Here, then, is the origin of Negro slavery. The reason was economic, not racial; it had to do not with the color of the laborer, but the cheapness of the labor. As compared with Indian and white labor, Negro slavery was eminently superior … The features of the man, his hair, color and dentifrice, his “sub-human” characteristics so widely pleaded, were only the later rationalizations to justify a simple economic fact: that the colonies needed labor and resorted to Negro labor because it was cheapest and best. This was not a theory, it was a practical conclusion deduced from the personal experience of the planter. He would have gone to the moon, if necessary, for labor. Africa was nearer than the moon, nearer too than the more populous countries of India and China. But their turn was to come.
The Negro was distinguished by his color, and the invidious connotations of slavery could easily be transferred to that; it was inevitable that the theory of Negro “inferiority” and that anti-Negro prejudice should be created, that they should be extended to other non-white people who offered the possibility of exploitation, and that they should be spread around the globe.
Thus anti-Negro prejudice was not born until after capitalism had come into the world. There are differences of opinion as to the approximate birthdate. M.F. Ashley Montagu, discussing the “modern conception of ‘race’,” says:
Neither in the ancient world nor in the world up to the latter part of the eighteenth century did there exist any notion corresponding to it … A study of the cultures and literatures of mankind, both ancient and recent, shows us that the conception of natural or biological races of mankind differing from one another mentally as well as physically, is an idea which was not born until the latter part of the eighteenth century,” or around the French Revolution. (Man’s Most Dangerous Myth: The Fallacy of Race)
Cox says that if he had to put his finger on the year which marked the beginning of race relations, he would select 1493-94 — when the Pope granted to Catholic Spain and Portugal jurisdictional control over, and the right to exploit, all of the (pre-dominantly non-white) heathen people of the world and their resources. He sees “nascent race prejudice” with the beginning of the slave trade: “Although this peculiar kind of exploitation was then in its incipiency, it had already achieved its significant characteristics.” However, he finds that “racial antagonism attained full maturity” only in the second half of the nineteenth century.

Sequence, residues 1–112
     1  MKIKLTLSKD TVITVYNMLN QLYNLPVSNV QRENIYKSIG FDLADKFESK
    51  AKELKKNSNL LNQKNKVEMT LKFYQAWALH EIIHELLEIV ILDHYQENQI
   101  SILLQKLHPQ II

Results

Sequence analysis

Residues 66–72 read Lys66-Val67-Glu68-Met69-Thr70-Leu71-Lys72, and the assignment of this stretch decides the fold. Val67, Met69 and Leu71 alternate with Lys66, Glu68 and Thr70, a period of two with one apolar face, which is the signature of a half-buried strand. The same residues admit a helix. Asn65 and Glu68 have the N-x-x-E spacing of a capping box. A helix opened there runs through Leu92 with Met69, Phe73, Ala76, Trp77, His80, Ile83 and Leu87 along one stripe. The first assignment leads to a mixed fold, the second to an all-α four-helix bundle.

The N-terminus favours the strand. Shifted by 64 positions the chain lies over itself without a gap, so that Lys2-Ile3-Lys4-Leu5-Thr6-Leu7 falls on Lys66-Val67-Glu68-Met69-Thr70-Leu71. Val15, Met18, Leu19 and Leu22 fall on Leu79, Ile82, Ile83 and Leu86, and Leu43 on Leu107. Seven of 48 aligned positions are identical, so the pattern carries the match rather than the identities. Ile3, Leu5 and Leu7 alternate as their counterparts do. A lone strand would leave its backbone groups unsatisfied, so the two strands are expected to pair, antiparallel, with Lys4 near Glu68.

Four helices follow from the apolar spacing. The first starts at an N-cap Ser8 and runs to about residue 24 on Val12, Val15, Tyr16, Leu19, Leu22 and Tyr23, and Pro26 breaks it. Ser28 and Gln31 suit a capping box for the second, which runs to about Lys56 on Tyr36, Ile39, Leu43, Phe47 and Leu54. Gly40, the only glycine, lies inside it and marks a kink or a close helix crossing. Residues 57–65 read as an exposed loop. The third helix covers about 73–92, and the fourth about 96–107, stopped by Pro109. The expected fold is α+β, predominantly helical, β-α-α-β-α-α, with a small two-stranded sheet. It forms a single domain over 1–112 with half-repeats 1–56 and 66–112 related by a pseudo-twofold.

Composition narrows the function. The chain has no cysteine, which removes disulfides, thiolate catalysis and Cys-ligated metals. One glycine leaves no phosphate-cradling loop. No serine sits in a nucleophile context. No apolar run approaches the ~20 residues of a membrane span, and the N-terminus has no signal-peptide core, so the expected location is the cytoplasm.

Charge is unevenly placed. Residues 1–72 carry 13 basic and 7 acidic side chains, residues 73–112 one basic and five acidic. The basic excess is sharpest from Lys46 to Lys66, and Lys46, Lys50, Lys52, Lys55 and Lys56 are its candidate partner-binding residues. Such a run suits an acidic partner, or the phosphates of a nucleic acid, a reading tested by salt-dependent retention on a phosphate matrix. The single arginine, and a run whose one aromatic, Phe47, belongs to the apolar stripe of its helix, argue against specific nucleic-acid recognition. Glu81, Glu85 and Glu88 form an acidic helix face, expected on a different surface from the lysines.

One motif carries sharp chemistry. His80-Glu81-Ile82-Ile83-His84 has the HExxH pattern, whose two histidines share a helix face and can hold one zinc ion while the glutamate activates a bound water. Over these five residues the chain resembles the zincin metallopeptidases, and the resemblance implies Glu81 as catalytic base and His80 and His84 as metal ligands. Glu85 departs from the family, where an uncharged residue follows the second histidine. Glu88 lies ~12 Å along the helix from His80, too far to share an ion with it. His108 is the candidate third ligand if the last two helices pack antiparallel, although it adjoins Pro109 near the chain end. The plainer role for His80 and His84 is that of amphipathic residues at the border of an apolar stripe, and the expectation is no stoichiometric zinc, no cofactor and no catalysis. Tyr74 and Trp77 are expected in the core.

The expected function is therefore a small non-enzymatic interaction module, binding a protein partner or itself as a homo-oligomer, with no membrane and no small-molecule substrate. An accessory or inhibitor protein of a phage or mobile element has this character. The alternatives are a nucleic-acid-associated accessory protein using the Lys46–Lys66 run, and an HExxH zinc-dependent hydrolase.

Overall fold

Whichever century one chooses, the point is this: Anti-Negro prejudice was originated to justify and preserve a slave-labor system that operated in the interests of capitalism in its pre-industrialist stages, and it was retained in slightly modified form by industrial capitalism after slavery became an obstacle to the further development of capitalism and had to be abolished. Few things in the world are more distinctly stamped with the mark of capitalism.
The implications of this fact are so plain that it is no wonder it has received so little attention in the schools and press of a country dominated by capitalists and their apologists. Anti-Negro prejudice arose out of the needs of capitalism, it is a product of capitalism, it belongs to capitalism, and it will die when capitalism dies.
We who are going to participate in the replacement of capitalism by socialism, and who have good reason to be curious about the first stages of socialism, because we will be living in them, need have no fear about the possibility of any extended lag with respect to race prejudice. Unlike the capitalist system that dominated this country after the Civil War, the socialist society will be free of all exploitative features; it will have no conceivable use for race prejudice, and it will consciously seek to eradicate it along with all the other props of the old system. That is why race prejudice will wither away when capitalism dies — just as surely as the leaf withers when the tree dies, and not much later.
Source: Fourth International, Vol.15 No.2, Spring 1954 / Transcription: Marxists Internet Archive
|↑1||Neither of these would claim they were the first to discover this historical information, and it may well be that other scholars unknown to us preceded them in writing about this field in recent years; all we know is that it first came to our attention through their books. Historical material often lies neglected for long periods until current social and political needs reawaken interest in it. These writers were undoubtedly stimulated into a new and more purposeful interest in the subject by the growth of American Negro militancy and colonial independence struggles during the last 15-20 years.|
|↑2||Slavery was not confined to Negroes at the beginning. Before the Negro slave on the plantations, there was the Indian slave and the white indentured servant. But Negro slave labor proved cheaper and was more plentiful than either of these, and eventually they were abandoned. The most satisfactory study of this question is in the excellent book by Eric Williams, Capitalism and Slavery, 1944. Williams writes: